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Giving my best: One Dreamer’s personal story

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The following personal story is from an undocumented student, a Dreamer, whom attends college in Houston and is finally speaking out to help others in her situation.


Photo by: Katy Umana

In 2004, I passed through the hardest experience of my life. I had received the news that my mother had cancer. She started treatment but the doctors said that she was not going to make it. My siblings and I didn’t see her because she would spend every day at the hospital.

After a long year of fighting against cancer, my mom finally won the battle despite what the doctors said. She now has to undergo treatment for the rest of her life, but we can happily say that she’s cancer free.

My mom wanted to start a new life and experience something different to forget about the devastating illness that imprisoned her for a year. My parents decided that we should live in the U.S. for two years. That would be enough time for my siblings and I to learn English and for my mom to fully recover.

My family and I arrived here on tourist visas in 2005. I enrolled in Houston for my freshman year of high school. It was a very difficult yet interesting year in my life in which I learned a new language, met new people and learned about different cultures.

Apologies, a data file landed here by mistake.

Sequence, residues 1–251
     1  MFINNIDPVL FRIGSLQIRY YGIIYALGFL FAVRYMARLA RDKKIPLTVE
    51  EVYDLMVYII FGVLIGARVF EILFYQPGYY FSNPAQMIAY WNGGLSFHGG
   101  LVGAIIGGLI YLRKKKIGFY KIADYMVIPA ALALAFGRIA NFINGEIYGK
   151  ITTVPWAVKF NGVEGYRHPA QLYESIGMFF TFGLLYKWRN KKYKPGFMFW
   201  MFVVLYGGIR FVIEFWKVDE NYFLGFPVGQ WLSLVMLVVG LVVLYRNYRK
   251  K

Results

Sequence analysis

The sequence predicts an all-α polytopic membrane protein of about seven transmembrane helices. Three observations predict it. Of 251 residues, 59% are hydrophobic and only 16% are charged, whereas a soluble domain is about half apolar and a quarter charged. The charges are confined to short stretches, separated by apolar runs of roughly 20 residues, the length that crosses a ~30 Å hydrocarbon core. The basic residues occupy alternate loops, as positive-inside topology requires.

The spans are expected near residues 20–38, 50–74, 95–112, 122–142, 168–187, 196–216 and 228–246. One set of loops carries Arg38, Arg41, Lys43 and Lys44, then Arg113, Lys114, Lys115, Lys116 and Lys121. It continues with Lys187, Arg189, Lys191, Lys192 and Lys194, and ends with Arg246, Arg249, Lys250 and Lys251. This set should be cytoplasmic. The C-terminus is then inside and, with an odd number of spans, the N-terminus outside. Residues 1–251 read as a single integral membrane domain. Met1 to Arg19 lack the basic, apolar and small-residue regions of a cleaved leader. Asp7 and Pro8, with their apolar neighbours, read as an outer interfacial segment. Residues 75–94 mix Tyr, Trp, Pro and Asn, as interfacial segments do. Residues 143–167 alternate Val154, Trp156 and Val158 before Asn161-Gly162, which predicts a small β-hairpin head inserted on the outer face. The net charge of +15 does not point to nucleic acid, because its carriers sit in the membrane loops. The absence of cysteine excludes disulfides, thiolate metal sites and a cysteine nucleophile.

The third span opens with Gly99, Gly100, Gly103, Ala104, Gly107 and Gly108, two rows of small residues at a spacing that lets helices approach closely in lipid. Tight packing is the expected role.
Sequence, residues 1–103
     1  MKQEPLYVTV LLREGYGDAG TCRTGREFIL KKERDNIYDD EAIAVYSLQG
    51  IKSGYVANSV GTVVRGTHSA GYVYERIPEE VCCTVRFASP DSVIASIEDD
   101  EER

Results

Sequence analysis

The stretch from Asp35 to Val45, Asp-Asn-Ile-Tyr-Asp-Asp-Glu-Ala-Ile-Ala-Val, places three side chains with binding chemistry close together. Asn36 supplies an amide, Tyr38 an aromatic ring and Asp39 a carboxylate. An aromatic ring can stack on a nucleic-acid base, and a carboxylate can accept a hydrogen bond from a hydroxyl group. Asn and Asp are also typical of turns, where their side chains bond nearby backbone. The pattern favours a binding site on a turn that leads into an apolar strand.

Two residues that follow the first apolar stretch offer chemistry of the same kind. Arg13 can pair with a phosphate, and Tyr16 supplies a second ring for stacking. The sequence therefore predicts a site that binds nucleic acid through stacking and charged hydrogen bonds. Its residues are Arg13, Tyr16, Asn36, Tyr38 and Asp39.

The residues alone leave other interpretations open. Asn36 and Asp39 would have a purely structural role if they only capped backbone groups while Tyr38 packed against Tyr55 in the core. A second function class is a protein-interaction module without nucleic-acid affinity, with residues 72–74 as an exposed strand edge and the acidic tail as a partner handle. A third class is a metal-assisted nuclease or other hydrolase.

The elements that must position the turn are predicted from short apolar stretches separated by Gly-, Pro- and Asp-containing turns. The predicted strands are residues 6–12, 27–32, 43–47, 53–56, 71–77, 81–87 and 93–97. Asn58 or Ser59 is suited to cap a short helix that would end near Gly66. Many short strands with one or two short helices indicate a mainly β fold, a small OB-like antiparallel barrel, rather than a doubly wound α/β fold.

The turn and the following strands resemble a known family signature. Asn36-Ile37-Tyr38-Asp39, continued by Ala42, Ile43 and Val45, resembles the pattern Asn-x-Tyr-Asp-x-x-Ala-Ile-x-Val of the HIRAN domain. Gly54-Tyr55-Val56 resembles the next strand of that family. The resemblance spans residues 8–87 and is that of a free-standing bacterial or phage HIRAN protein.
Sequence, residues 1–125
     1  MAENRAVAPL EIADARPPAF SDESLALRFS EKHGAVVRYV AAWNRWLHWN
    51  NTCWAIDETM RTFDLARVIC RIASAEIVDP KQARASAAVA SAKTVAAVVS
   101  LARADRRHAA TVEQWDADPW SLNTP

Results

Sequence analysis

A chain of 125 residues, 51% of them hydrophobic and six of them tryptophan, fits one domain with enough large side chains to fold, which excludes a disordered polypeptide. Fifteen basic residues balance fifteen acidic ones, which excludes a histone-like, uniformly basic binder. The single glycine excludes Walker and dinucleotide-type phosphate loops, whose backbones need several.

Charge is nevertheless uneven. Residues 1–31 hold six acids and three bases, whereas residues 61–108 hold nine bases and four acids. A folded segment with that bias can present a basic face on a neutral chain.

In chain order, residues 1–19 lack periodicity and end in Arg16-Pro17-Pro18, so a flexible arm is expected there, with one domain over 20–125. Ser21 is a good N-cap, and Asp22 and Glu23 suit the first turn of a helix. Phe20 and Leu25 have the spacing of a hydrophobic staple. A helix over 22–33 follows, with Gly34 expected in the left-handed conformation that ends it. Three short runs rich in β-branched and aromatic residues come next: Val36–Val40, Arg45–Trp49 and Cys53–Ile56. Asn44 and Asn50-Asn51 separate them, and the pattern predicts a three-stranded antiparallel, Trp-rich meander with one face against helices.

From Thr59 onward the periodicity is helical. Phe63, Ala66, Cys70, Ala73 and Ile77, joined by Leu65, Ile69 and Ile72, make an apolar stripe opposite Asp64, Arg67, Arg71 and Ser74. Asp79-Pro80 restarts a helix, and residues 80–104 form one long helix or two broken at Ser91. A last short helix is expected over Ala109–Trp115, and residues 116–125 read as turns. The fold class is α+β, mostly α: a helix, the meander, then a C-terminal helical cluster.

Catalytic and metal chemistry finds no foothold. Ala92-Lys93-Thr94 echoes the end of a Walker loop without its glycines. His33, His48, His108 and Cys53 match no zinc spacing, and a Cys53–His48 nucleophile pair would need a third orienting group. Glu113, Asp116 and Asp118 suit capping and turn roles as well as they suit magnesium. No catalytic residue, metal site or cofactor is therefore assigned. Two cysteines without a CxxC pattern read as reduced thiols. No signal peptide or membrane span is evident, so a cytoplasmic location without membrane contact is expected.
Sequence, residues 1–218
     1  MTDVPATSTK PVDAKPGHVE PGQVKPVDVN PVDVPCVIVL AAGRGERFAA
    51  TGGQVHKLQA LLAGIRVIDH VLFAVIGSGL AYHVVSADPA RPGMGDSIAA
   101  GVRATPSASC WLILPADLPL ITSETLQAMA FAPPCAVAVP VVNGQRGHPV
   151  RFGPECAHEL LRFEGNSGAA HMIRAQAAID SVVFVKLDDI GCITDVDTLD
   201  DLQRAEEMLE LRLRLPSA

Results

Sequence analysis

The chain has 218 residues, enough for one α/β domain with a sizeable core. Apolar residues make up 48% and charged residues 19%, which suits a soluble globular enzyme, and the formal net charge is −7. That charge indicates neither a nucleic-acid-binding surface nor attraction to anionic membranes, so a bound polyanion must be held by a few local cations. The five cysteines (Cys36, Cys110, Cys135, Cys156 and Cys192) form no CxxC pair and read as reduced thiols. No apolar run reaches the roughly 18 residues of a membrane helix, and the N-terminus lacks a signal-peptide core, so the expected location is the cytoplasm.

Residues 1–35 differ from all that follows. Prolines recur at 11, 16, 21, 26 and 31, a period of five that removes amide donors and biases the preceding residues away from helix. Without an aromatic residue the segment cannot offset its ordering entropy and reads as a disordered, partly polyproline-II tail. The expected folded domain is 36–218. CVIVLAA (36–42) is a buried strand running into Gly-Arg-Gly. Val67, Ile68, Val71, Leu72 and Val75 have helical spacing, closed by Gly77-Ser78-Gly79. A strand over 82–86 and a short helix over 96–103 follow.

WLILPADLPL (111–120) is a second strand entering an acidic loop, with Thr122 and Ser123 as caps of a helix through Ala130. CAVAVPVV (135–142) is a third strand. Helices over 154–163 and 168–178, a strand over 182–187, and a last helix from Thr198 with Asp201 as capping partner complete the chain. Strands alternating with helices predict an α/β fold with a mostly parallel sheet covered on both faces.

By the end of my sophomore year, I received recognition for being a honor roll student and for having perfect attendance. My mother was very healthy and everything was fine, but the two years that my family had planned to stay here had ended. My siblings and I were used to living here and we loved school; we didn’t want to leave. My parents realized that in this country we would receive a better education so they decided to prolong our stay.

During my junior year, I became part of the National Honor Roll; I proudly say that my name and my picture are in the National Honor Roll Book of 2008.

In 2009, I applied to the University of Houston while being in the top five of my class with a 4.0 GPA. I was automatically accepted and I also became a member of a program for students in academic achievement.

Now, at the age of 19, I am in my sophomore year of college and I have many plans for the future. Since I was brought here as a child, my plans and goals are in this country. However, there is a problem, I came here on a tourist visa and I’m “illegal”. This is starting to interfere with my dreams and goals. There are many things that I lack: a license, a good job, the opportunity of applying to scholarships or internships because of my legal status, complete freedom and many others. That is why I’ve become a Dreamer.

The DREAM Act will change my life by giving me the opportunity to obtain the things that I want and to be able to give more to this country. I’ve given my best to this country and I want to continue that way.

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